15

Id. § 1125(c)(1).

16

In 1999, Congress amended the Lanham Act to add dilution under section 1125(c) as a ground for opposition to federal trademark registration. See Trademark Amendments Act of 1999, § 2(b), 113 Stat. 217, 218. The opposition statute now provides, in pertinent part, "[a]ny person who believes that he would be damaged by the registration of a mark upon the principal register, including as a result of dilution under section 1125(c) of this title, may ... file an opposition in the Patent and Trademark Office." 15 U.S.C. § 1063(a) (2000) (emphasis added).

17

The allegedly diluting use in this case began in 1990, when the appellee (the applicant for registration), Advantage Rent-A-Car, Inc. ("Advantage"), produced a television commercial for its car-rental service that used the phrase "We'll Even Pick You Up." The commercial was broadcast in the San Antonio, Texas, area approximately 100 times between 1992 and 1995. From August 1997, to April 1998, the commercial was broadcast an additional 289 times in Arkansas, Louisiana, New Mexico, and Texas.

18

The appellant (the party opposing registration), Enterprise Rent-A-Car Co. ("Enterprise"), did not begin using the phrases "Pick the Company that Picks You Up" and "Pick Enterprise, We'll Pick You Up" in national advertising until 1994, after Advantage's prior use in San Antonio, Texas. On January 16, 1996, Enterprise obtained federal registration for the mark "PICK ENTERPRISE, WE'LL PICK YOU UP," U.S. Trademark Reg. No. 1,948,828; on January 30, 1996, for the mark "PICK THE COMPANY THAT PICKS YOU UP," U.S. Trademark Reg. No. 1,953,083; and on August 5, 1997, for the mark "WE'LL PICK YOU UP," U.S. Trademark Reg. No. 2,085,472, as service marks in connection with the rental and leasing of vehicles.

19

On June 16, 1998, Advantage filed suit against Enterprise in the United States District Court for the Western District of Texas alleging unfair competition in violation of 15 U.S.C. § 1125(a) and under the common law of Texas and seeking cancellation of Enterprise's mark under 15 U.S.C. § 1119. Enterprise, inter alia, counterclaimed for unfair competition under state and federal law and for trademark dilution under federal and state law.

20

While the case was pending in the district court, on May 4, 1999, Advantage filed for federal registration of its mark, "We'll Even Pick You Up," as a service mark in connection with the rental and leasing of vehicles. U.S. Trademark Application Ser. No. 75-697875. On August 21, 2000, Enterprise filed an opposition to Advantage's application, alleging that it would be damaged by the registration of Advantage's mark, because Advantage's mark caused dilution of Enterprise's mark under the FTDA. The Board suspended the opposition proceedings on September 25, 2000, pending resolution of the civil action before the district court.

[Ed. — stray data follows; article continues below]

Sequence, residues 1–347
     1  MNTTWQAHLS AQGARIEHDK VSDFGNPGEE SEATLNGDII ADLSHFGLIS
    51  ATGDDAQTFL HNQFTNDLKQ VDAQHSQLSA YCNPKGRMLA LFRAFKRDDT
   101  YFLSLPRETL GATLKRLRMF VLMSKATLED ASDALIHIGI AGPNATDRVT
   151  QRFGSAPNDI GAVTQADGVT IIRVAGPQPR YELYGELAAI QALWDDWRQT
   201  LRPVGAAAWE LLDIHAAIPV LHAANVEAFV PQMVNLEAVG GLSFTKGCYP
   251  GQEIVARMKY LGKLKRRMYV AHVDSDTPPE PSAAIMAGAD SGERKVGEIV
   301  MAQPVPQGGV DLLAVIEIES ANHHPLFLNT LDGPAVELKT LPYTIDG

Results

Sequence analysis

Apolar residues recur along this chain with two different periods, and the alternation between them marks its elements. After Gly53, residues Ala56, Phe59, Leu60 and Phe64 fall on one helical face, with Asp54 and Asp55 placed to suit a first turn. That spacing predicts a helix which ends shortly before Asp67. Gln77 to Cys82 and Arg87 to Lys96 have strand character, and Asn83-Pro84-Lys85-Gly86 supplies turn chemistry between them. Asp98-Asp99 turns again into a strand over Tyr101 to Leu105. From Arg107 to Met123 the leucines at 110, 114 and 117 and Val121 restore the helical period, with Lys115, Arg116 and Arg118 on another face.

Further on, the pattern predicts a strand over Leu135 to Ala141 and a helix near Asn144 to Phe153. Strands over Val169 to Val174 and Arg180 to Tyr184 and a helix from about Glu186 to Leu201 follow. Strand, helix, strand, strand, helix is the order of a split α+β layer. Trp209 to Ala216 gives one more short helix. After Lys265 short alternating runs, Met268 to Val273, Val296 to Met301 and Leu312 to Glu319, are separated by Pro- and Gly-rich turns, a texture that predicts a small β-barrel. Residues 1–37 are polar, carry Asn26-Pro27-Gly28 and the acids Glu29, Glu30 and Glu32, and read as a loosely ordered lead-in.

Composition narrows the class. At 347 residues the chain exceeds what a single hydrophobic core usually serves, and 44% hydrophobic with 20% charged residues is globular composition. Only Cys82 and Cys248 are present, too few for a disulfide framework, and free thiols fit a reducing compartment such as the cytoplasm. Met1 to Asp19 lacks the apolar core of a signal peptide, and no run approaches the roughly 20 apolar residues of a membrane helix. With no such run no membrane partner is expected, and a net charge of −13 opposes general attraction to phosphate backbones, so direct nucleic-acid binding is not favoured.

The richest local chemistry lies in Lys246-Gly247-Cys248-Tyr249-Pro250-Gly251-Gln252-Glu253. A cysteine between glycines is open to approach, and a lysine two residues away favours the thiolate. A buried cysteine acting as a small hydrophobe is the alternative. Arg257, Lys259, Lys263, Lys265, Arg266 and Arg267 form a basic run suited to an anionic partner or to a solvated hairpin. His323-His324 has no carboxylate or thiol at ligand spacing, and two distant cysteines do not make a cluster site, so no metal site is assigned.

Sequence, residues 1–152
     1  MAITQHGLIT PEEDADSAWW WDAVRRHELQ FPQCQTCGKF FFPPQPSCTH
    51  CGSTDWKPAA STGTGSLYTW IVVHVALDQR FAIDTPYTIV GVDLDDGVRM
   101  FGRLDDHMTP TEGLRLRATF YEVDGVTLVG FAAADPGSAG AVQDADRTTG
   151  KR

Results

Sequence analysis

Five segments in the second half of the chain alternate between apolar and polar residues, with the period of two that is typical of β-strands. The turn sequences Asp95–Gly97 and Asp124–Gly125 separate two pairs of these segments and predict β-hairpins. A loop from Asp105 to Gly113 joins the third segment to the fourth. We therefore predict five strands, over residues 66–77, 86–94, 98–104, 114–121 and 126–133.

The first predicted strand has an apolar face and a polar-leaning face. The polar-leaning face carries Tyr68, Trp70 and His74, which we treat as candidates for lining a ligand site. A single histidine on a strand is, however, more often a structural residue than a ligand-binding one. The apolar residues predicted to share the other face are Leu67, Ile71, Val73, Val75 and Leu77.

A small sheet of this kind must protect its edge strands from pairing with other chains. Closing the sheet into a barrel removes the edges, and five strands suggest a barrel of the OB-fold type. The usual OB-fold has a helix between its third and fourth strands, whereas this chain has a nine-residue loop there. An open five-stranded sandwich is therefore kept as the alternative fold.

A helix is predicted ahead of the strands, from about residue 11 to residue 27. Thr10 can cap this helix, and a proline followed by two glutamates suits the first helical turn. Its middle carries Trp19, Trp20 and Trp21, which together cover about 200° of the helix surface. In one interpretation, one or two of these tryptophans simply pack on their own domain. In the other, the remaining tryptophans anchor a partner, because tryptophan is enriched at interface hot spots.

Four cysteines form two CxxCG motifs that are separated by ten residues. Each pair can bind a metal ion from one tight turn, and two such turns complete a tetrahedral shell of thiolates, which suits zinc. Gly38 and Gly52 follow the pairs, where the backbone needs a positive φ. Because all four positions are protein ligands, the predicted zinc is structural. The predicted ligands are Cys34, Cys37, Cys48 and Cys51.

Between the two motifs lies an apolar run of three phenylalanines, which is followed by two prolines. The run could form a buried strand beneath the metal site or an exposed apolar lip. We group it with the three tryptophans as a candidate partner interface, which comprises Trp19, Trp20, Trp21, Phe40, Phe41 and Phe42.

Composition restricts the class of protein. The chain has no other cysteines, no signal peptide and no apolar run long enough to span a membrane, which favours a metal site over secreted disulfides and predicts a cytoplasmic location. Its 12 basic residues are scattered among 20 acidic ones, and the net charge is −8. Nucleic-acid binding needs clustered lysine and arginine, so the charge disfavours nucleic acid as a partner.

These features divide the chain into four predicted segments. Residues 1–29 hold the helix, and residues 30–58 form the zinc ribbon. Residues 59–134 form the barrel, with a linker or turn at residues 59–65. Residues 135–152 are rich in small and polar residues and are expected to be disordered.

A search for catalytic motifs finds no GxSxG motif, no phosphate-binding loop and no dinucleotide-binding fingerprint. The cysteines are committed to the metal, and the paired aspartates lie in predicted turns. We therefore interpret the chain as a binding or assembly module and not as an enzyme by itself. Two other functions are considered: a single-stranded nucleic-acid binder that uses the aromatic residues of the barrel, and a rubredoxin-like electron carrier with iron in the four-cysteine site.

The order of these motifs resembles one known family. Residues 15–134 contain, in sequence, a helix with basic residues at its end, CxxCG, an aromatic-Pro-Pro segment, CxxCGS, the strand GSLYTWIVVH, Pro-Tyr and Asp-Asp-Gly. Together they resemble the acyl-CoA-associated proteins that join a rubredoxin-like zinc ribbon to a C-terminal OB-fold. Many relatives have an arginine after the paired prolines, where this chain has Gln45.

21

On May 24, 1999, the parties agreed to the entry of a partial consent judgment in the district court civil action. The parties agreed to the entry of findings of fact and conclusions of law to the effect that the use by Advantage of WE'LL EVEN PICK YOU UP in connection with its car-rental business was not likely to cause consumer confusion with Enterprise. Advantage Rent-A-Car, Inc. v. Enterprise Rent-A-Car Co., No. A 98CA 372, slip op. at 1-2 (W.D.Tex. May 24, 1999) (Partial Consent Judgment). The consent judgment disposed of all claims asserted by Advantage and of all counterclaims asserted by Enterprise, except its claims for trademark dilution. Id. at 1. The consent judgment also made clear, however, that Enterprise's dilution claims were unaffected. Id. at 3.

22

On October 25, 1999, after a bench trial, the district court entered judgment against Enterprise on the dilution claims. The court held that Enterprise was not entitled to relief, "because the slogan at issue is not sufficiently famous or distinctive to receive protection under the [FTDA]." Advantage Rent-A-Car, Inc. v. Enterprise Rent-A-Car Co., No A 98CA 372, slip op. at 1 (W.D.Tex. Oct. 25, 1999). The district court concluded that fame was an element of Enterprise's claims under the state dilution statutes on which Enterprise relied as well. Id. at 10. Therefore, the district court held, Enterprise could not recover for dilution under federal or state law.